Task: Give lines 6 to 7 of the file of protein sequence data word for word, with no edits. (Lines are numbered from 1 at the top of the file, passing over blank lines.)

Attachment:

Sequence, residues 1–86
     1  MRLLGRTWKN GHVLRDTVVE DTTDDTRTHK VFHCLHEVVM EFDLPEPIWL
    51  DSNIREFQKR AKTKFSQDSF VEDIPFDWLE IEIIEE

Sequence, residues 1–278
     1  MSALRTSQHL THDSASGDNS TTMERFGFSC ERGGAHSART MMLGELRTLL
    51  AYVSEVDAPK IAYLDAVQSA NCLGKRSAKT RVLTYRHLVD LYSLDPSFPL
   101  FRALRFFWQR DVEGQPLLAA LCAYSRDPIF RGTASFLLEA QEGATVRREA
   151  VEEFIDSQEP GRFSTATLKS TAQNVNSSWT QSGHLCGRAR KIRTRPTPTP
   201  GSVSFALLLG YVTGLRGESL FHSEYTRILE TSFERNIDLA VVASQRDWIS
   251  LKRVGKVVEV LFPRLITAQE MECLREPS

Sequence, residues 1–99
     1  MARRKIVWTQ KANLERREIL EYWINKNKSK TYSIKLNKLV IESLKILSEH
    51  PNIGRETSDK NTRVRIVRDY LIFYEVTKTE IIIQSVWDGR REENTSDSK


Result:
    51  AYVSEVDAPK IAYLDAVQSA NCLGKRSAKT RVLTYRHLVD LYSLDPSFPL
   101  FRALRFFWQR DVEGQPLLAA LCAYSRDPIF RGTASFLLEA QEGATVRREA